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Stalin's Foreign Policy

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Introduction

Stalin's Foreign Policy "We do not want a single foot of foreign territory but we will not surrender a single inch of our territory either" Stalin. With the advent of the Russian Communist revolution in 1917, a new political and economic system came into being. As the sole communist state in the world, the USSR has no natural allies and was regarded with great hostility by the West. These feelings were reciprocated by the Russians, who were deeply suspicious of the capitalist West. Who were remembered with essentially negative feelings given their interference in the Russian civil war. So it was that when Stalin came to power that he adopted a conservative foreign policy. He took a mainly defensive position as he sought to deep the Western powers at bay while consolidating communism and building up Russia under his policy of 'socialism in one country'. In order to do this Stalin needed peace, which led to a fear of war which was of 'incredible intensity' To achieve peace, Stalin continued to make use of the 1922 Treaty of Rapallo with Germany. ...read more.

Middle

It approved of Communist co-operation with Liberals and Socialists which became known as the popular front. This new period of European pan-socialism gave rise to Popular Front governments in countries such as France and Spain in the 1930's. It was in this administration however, in Spain that gave rise to the Spanish Civil War of 1936. A conflict which Stalin saw fit to involve himself. During the war Stalin sent sufficient aid to prolong rather than win the war. There was never more than 2,000 Russian personnel in Spain, along with a small amount of tanks and planes at any one time. The rise of Hitler in Germany, circa 1933, led to an end of the period of German-Russian co-operation. In September 1934, Russian entered the League of Nations even though Stalin had earlier condemned it as a 'capitalist club'. This was part of his policy of collective security. Stalin sought to exploit every diplomatic tool at his disposal to avoid being caught alone in a war with Nazi Germany. ...read more.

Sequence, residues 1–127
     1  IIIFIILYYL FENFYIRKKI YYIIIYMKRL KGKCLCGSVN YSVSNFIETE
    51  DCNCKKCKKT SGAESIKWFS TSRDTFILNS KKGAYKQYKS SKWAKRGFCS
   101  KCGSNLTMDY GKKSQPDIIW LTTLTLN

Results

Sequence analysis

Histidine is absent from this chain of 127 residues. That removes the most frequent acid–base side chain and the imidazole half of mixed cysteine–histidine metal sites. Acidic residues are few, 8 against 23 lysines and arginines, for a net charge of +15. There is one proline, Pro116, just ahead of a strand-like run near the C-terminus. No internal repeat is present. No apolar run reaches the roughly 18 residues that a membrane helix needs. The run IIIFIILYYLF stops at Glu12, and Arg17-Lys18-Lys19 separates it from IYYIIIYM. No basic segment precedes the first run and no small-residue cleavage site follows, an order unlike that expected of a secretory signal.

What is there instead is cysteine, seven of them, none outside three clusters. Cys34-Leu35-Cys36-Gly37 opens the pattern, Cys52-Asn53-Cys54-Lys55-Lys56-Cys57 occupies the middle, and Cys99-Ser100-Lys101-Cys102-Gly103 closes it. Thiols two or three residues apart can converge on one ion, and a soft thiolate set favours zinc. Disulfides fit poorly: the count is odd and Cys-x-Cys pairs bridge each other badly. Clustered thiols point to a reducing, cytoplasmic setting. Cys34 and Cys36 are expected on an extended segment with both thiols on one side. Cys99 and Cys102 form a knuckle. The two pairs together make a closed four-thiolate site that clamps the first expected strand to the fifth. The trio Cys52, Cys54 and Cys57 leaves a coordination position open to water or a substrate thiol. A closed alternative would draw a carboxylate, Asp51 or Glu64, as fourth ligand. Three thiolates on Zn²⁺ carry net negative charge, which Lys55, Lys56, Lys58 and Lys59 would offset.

Conclusion

In an effort to gain valuable preparation for a was he now saw as inevitable he signed the Nazi-Soviet non-aggression pact in August 1939. This allowed for 10 years when neither would attack the other and a secret clause allowed for the partition of Poland if either power invaded. In September 1939 WWII broke out with the German invasion of Poland. Stalin moved quickly to secure the lands promised to him by the Nazi-Soviet Pact. An atmosphere of co-operation continued between Germany and Russia with Russia providing Germany with oil, grain and war materials and allowing German ships use of Russian naval bases. Disagreements arose over proposed areas of German occupation in the Baltic states which saw a dip in Nazi-Soviet relations. This led to Hitler giving the order for Operation Barbarossa in June 1941. This took Stalin by surprise as he had not expected the attack while Germany was still engaged in the Battle of Britain. The Russian army was not ready which allowed for the speed and success of Hitler's first moves. Yet eventually Stalin and the whole of Russia fought back against the invaders and 'tore the guts out of the German army'. ...read more.

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